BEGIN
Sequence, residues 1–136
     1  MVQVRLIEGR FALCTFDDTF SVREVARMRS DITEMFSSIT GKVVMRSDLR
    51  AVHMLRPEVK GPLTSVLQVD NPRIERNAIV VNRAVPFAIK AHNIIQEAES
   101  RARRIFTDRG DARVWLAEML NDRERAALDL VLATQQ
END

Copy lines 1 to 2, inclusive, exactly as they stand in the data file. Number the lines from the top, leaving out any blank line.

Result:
Sequence, residues 1–136
     1  MVQVRLIEGR FALCTFDDTF SVREVARMRS DITEMFSSIT GKVVMRSDLR